Situated on the outskirts of the village of Maro that sits on the edge of the Sierra Almijara, Tejeda and Alhama Natural Park are the Nerja Caves (Cuevas de Nerja). The Caves are one of Spain's most amazing and very popular historical sites and are a truly magnificent sight to see.
The caves have been naturally created over millions of years and are a result of landslides, calcareous mud and the movement of underground waters. The caves were inhabited as far back as 25,000 years ago and evidence of this can be seen in the Paleolithic wall paintings that can be seen in the caves.
Stretching over almost five kilometres are a series of huge caverns, where you can see some of the world's largest stalagmites and stalactites which have been formed over time by calcium salts deposited by dripping water.
At the caves complex entrance, there is a bar/restaurant on the right and an entrance to the natural park with clearly marked hiking trails on the left. There are trails to El Cielo as well as to the El Pinarillo picnic/barbecue area as well as some other points of interest.
Parking at the caves is a plenty, with spaces both inside and outside of the caves complex.
The caves themselves have two natural entrances and one that was man made in 1960 to improve access for visitors.
There are also three galleries, each containing several halls. There is the New Gallery, the Upper Gallery and the Show Gallery. The New Gallery and the Upper Gallery house many of the caves prehistoric paintings but unfortunately tourist access to these areas is limited to special groups only.
Also within the complex is a small museum and tourist office, a photo shop, a souvenir shop and a very good restaurant with the added bonus of wonderful sea views. There are also large Arabic gardens where you can take a stroll to the Ermita de San Isidro and for younger children there is a large play area to keep them entertained.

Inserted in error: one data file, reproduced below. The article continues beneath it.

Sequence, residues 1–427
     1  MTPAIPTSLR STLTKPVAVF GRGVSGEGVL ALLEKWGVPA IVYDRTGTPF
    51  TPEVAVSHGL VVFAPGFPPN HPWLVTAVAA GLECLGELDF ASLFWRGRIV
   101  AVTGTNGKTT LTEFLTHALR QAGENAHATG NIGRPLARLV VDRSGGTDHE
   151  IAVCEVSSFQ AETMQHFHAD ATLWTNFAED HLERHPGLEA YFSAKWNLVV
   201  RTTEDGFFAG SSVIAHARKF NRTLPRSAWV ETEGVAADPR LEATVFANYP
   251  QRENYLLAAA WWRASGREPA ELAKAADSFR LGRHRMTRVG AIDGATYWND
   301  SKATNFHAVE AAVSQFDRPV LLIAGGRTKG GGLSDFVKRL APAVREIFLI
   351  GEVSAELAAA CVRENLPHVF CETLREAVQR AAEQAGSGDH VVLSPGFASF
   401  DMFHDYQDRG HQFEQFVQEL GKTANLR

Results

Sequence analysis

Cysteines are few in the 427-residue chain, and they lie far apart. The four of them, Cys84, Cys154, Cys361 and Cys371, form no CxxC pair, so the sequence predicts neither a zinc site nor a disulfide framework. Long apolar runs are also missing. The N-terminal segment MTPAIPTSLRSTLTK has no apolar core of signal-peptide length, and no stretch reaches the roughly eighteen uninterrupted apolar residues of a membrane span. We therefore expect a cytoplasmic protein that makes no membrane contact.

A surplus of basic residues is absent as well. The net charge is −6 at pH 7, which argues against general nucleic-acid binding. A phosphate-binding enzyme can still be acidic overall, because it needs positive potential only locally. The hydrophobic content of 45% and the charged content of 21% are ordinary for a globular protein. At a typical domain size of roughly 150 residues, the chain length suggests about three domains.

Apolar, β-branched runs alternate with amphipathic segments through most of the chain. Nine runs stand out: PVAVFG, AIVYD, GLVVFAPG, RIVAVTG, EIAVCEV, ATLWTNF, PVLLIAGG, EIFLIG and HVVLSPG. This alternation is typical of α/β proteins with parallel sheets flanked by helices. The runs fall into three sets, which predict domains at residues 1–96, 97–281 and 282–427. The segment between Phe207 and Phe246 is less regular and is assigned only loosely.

The Nerja Caves are open every day of the year except for January 1st (New Year's Day) and May 15th (Romeria de San Isidro).
During the winter months they are open between 10am and 2pm and again between 4pm and 6pm.
During the summer months of July and August they are open between 10am and 7:30pm.
During the second week of July the 'Festival of Music and Dance' is held at the Nerja Caves meaning the opening times change to 10am to 6pm.
How Much Does It Cost?
Children aged 6 years to 12 years: €4.50
Children under 6 years: Free
Certified Associations (Groups of 15+ persons): €6.00
Certified Agents (Groups of 15+ persons): €6.00
College Groups (1 teacher goes free with a group of 25 students): €4.00
NOTE: Entrance fees can only be paid in cash.
Every Sunday morning throughout the year, entry to the Nerja Caves is free for residents of Nerja but proof of residency must be shown.
How To Get There?
The Nerja Caves are easily accessible by car, bus or even on foot and there is plenty of parking in and around the complex.
From Nerja, the drive will take you about 10 minutes at a leisurely pace. Leave Nerja on the old N-340 coastal road in the direction of Maro. You will pass the Nerja Club Hotel (on your right), Capistrano Village (on your left), Fuente del Baden (on your left) and the old Sugar Factory (worth a visit, despite being derelict) and arrive at a roundabout.
Follow the sign to Maro. On your left you will see the old, picturesque Eagle Aqueduct, still in use and scheduled for renovation, before arriving at another roundabout. Take the final exit and about 100 metres up the hill is the entrance to the Nerja Caves.
From Malaga on the N340 / A-7 motorway, come off at exit 295 (sign posted "Cuevas de Nerja") which leads directly to the caves.
Buses run regularly between Nerja and the Nerja Caves and the journey takes approximately 10-15 minutes.
Top image courtesy of Christopher on Flickr.